How to take control of your IT career professional development
For many professionals, getting a foot in the door and landing IT jobs is the easy part. What’s more difficult is the long process of developing one’s career, starting from entry level and working one’s way up to the top.
If you’re in this position, the challenge can at times seem overwhelming, and at times it looks far beyond your control. Your job performance is part of it, but other factors – movement above you on the food chain, the whims of your bosses, dumb luck – play major roles.
Sometimes working to advance your career might seem like a lost cause, but still, you should never stop trying. Here are a few tips on taking control of your own career.
Have a plan and monitor your progress
All those clichéd questions you hear in job interviews, like “Where do you see yourself in five years?” They might actually be useful for gauging your career progression. Think about how quickly you’d like to move up – in status, in authority, in salary. If you’re not meeting your goals, then be more proactive by asking for a promotion or applying for a new job.
In order to advance your career, you must be keenly aware of your strengths and weaknesses. If you’re a skilled programmer, then push for more coding responsibilities in your position so you can showcase your skills. If you’re not great with people, then don’t work toward a position that entails more customer service. Find niche roles that play to your strengths.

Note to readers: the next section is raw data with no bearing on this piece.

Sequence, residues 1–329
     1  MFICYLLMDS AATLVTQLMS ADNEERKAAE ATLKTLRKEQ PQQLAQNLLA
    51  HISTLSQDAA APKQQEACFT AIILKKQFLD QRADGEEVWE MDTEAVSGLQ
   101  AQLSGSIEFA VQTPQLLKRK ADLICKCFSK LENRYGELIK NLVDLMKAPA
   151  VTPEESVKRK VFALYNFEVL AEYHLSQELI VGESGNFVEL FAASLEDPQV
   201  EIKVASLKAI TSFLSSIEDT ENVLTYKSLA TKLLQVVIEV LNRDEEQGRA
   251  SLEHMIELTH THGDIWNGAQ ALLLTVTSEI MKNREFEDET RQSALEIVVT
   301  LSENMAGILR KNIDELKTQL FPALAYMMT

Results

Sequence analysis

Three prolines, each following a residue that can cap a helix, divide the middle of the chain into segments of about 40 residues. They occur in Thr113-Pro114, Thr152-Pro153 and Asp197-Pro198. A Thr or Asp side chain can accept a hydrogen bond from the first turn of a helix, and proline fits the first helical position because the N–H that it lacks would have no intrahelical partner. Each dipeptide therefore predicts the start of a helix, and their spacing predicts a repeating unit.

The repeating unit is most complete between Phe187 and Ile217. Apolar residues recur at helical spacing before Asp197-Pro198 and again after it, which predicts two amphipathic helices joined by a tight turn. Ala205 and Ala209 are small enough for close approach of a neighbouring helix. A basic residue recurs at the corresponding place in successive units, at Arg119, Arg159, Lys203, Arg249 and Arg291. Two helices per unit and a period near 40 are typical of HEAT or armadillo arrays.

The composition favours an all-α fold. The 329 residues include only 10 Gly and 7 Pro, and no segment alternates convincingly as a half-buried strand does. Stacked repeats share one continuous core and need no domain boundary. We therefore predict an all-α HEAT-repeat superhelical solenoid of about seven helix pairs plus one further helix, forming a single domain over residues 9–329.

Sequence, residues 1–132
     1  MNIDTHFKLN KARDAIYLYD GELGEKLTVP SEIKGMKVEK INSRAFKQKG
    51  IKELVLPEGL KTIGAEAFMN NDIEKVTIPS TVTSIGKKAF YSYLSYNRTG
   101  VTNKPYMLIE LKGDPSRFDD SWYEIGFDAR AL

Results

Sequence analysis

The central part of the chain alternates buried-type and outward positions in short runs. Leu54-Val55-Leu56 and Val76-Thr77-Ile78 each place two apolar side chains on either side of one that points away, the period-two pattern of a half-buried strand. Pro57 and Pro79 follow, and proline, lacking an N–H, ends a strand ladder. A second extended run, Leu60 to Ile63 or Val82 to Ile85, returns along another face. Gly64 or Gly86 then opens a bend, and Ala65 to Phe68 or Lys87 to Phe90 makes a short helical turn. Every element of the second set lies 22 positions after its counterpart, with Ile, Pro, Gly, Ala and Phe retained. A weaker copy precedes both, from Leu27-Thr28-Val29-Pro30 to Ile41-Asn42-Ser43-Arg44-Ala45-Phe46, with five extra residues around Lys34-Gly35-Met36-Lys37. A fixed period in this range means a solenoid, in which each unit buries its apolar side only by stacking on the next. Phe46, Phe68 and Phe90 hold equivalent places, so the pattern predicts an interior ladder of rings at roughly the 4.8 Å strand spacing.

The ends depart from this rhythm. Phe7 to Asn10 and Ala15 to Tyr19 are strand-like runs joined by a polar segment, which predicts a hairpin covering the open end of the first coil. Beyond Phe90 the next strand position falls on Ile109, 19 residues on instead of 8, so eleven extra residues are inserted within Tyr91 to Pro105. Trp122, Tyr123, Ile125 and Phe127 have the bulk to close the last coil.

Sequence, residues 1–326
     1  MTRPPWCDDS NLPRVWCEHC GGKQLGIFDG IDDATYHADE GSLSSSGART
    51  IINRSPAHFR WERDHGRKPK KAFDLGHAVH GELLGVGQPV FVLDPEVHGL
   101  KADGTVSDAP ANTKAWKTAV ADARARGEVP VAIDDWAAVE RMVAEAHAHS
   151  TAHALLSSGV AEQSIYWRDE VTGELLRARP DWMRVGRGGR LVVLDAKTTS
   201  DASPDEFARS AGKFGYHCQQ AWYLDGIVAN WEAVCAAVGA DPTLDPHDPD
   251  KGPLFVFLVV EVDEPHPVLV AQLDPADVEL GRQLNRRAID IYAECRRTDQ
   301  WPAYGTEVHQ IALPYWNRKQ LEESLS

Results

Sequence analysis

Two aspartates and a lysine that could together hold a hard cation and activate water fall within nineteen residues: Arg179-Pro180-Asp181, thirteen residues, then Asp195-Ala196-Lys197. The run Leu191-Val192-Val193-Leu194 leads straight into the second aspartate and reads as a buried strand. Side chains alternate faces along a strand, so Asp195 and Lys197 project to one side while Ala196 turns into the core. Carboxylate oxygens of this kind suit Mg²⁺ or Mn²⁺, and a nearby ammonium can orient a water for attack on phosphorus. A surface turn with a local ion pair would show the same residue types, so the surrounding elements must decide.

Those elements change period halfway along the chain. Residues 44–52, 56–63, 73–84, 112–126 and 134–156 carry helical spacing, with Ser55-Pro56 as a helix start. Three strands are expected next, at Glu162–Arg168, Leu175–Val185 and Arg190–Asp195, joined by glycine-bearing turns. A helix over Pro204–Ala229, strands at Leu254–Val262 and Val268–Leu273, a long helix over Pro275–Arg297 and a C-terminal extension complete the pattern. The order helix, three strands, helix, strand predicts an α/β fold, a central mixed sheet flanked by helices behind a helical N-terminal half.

Gain new skills
If you ever feel like you’re stuck in a rut professionally, it couldn’t hurt to gain new skills. It will boost your self esteem and help you qualify for a wider range of future positions. Information Week explains that in the IT sector, you can add such abilities as big data analytics, mobile device management, security and product marketing, just to name a few.
Be a risk-taker
Business 2 Community says you shouldn’t be afraid to put yourself out there. Ask the question, “What’s the worst that can happen?” It’s OK to ask for a promotion or raise even if you’re not confident that you’ll get it. Even if your request is denied, nothing bad will likely come of it, and at least you’ve proven that you care enough about your career to take initiative.
Indeed, initiative is the name of the game in IT jobs. Advancement is hard to come by in the professional world, but good things come to those who take matters into their own hands.